Begierde threatens the remaining two natives if they do not comply with his wishes. They steadfastly refuse. Begierde then proceeds to threaten the mens’ families with torture and death should they continue their dissent. Reluctantly, they step forward and slowly place their hands upon the door—nothing happens. Sergeant Grimm is left in charge of the natives below as the Lieutenant makes his way to the surface to report his findings. A meeting is scheduled for the morning to discuss the situation.

Through some miscommunication, the Sergeant leaves his post during the night and one of the natives is found to have escaped. Furious, the Captain orders him and two of his soldiers to check the jungle while Lieutenant Begierde and two of the other soldiers are sent to check the village and eliminate the inhabitants if the man has managed to return there—it is possible if he did that the villagers may disperse to warn the nearby British of the Nazi encampment’s location.

Unsuccessful in retrieving the escapee, Sergeant Grimm fires a few shots into the jungle and returns with the story that he killed the native only to lose his body to crocodiles in the river. In the meantime, Lieutenant Begierde discovers the village to be empty save for a lone woman giving birth whom he promptly executes when she refuses to cooperate with his interrogation.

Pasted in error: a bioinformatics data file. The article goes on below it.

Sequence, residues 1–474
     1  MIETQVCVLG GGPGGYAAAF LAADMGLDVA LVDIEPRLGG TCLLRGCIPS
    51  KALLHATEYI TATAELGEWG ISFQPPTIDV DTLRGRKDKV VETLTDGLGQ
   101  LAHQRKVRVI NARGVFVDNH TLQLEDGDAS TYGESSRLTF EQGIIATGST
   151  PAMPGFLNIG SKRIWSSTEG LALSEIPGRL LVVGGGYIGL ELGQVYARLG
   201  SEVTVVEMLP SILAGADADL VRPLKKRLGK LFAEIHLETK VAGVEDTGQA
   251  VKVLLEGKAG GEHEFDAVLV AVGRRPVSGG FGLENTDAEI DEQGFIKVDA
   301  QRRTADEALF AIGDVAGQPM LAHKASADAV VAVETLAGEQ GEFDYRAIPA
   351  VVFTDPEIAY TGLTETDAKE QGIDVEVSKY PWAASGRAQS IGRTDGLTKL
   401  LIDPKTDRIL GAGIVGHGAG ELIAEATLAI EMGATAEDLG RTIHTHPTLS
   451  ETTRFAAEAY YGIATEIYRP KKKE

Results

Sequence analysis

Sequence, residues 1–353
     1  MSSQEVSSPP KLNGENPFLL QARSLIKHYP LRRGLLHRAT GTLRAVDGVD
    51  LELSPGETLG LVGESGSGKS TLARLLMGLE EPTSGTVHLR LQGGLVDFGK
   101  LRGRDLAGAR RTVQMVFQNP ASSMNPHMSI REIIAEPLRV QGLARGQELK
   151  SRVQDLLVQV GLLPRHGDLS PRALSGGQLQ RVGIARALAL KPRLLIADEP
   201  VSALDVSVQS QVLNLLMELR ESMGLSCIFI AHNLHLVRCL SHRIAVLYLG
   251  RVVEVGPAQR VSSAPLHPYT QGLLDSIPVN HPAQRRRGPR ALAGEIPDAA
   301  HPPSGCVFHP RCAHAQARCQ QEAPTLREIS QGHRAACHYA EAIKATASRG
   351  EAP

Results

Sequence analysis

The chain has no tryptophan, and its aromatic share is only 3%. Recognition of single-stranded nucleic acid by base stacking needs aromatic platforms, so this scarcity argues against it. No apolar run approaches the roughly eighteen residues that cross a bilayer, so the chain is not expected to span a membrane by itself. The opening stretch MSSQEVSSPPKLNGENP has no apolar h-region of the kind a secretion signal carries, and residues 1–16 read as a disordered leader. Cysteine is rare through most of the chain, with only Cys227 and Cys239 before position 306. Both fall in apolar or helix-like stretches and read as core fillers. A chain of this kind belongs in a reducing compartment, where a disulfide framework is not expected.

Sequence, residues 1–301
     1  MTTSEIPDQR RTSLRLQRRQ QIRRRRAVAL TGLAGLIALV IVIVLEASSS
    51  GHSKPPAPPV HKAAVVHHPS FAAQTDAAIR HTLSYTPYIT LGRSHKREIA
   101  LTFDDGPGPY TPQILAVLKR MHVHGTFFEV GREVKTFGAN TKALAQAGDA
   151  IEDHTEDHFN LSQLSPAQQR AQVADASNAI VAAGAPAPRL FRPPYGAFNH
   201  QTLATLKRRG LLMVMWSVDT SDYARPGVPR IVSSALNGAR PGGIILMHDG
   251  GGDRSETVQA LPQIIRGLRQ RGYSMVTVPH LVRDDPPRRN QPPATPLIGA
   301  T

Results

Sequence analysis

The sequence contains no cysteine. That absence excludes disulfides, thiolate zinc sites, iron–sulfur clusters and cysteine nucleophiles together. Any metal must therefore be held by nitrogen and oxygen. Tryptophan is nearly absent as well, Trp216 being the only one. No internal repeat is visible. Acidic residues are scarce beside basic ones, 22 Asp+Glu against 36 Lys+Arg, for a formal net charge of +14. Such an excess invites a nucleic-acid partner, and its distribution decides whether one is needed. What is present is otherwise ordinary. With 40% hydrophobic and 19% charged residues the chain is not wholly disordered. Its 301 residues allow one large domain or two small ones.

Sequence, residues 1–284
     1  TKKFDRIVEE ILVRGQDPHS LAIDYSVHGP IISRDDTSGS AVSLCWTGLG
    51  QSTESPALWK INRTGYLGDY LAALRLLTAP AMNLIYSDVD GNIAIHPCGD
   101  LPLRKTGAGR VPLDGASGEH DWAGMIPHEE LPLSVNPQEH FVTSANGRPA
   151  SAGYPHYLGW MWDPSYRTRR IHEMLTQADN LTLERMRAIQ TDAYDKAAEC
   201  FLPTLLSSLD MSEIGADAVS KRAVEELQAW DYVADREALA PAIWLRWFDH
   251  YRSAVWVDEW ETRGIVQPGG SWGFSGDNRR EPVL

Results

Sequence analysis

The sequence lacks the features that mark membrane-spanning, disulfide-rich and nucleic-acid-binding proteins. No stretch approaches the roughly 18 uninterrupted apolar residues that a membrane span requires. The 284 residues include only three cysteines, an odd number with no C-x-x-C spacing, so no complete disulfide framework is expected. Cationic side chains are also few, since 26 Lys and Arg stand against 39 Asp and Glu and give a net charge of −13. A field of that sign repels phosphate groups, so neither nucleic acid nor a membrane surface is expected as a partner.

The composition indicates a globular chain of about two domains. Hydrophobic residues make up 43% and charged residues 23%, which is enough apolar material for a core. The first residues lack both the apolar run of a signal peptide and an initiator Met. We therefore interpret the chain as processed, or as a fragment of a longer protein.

After hearing both stories, the Captain is suspicious of the Sergeant as it is somewhat apparent he has lied as to the fate of the escaped man. However, the pressing matter of unearthing the door takes precedence in his thoughts as he steps up excavation. He decides he would rather the British not get their hands on it thus authorizes the sergeant, who has demolitions experience, to blow off the seal. During this process, the sergeant accidentally touches the door and reacts similarly to the anthropologist.